Doll eyes: Ersa Flora / FantasEYES comparison and review

If eyes freak you out, you might want to look away, because this post is going to have a lot of pictures of them. Doll eyes, blank and staring. It’s only when I have to write something along those lines that I realize my hobbies are a little unusual. But let’s move on, shall we?

I recently received an order of some custom eyes for my favorite doll, because he’s my favorite and I’m always looking to improve him. It’s always a challenge to find eyes I like for him, since the selection of purples is slim, the selection of cat or slitted pupil eyes is slimmer, and the selection of purple slitted pupil eyes in 12mm is basically nonexistent.

Enter Ersa Flora.

While I was mostly happy with the eyes I already had, I wanted to make the change to urethane resin because I prefer the milky look of the whites in photographs. I was excited when I read that the brand now offers eyes in a resin base with a glass dome, so I ordered two pairs – One red and one purple, both in a custom design. What I received surprised me in a lot of ways.

The top two pairs are what I ordered, and the bottom three were freebies! The bottom left have a beautiful aurora borealis sort of finish, pinky-greenish iridescence that’s amazing in person. The center are metallic red with a cat pupil. They have an almost holographic quality to them, which makes them dazzling in the light. Bottom right is natural blue, which are definitely my favorite out of the 3 pairs, and those found their way into one of my other dolls right away.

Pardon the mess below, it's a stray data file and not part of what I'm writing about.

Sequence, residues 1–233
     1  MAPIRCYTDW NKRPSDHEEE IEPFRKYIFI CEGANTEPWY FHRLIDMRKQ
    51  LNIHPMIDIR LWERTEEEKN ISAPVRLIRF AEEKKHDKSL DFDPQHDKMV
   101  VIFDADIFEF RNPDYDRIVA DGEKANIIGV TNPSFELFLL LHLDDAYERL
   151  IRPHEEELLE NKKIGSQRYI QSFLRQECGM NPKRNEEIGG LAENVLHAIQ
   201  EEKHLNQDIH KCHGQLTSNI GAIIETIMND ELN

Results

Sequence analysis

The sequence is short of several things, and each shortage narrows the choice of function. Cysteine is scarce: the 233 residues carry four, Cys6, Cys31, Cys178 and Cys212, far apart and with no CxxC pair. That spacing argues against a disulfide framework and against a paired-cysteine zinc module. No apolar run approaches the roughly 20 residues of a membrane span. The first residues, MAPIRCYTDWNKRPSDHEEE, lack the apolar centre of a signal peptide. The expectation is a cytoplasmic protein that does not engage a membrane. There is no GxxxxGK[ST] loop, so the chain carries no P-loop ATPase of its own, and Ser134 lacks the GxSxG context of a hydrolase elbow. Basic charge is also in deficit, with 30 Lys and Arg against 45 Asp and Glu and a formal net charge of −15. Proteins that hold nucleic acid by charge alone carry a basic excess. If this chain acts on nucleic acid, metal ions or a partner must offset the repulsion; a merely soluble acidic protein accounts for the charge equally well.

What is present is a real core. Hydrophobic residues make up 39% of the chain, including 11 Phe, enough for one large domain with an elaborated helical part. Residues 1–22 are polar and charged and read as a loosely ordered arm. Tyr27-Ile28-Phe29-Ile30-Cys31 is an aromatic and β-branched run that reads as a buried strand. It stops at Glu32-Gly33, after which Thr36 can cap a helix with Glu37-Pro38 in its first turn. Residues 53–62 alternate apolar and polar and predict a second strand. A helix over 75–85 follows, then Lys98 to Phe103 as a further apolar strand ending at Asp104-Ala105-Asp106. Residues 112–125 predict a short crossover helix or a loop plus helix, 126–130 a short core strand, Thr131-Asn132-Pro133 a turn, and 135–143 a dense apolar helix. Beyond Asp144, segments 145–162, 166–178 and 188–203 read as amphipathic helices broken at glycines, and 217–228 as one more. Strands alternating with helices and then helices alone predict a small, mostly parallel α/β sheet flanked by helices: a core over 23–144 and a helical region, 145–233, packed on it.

There are a few differences between the resin eyes and the acrylics. The acrylic are a hollow back, which makes it easier to get the eye putty to stick. The resin are a flat back, which I find easier to position. There’s a little difference in color, too. The acrylics are a bright, clear white, while the resin have more a milky, slightly translucent quality to them that I absolutely love. Additionally, the resin eyes have a slightly larger base. This is great for me, because it reduces gapping when the eyes aren’t in a static, forward position. This is similar to other types of urethane eyes, such as the brown pair from MakoEyes below.

The above photo also offers the opportunity to show that the acrylic base is very similar in color to the bright white of the MakoEyes urethane. While urethane eyes are typically preferable because of the depth in the eye, it’s interesting to note that the Ersa Flora acrylic eyes mimic this depth by having the pupil (in normal eyes, not cat eyes) set above the backing.

Both the resin and acrylic eyes feature a low dome, which makes them fit much better in dolls with small eyes, like my Iplehouse boys.

Another benefit is the smooth detail. In the above photo, you can see the Ersa Flora acrylic blue eyes compared to Dollmore acrylic brown eyes. While the brown eyes are larger, which should allow for better detail, they actually have worse. The eye shows a lot of spotty pixelation, which can be very noticeable in photos if not in person. Here’s another interesting comparison: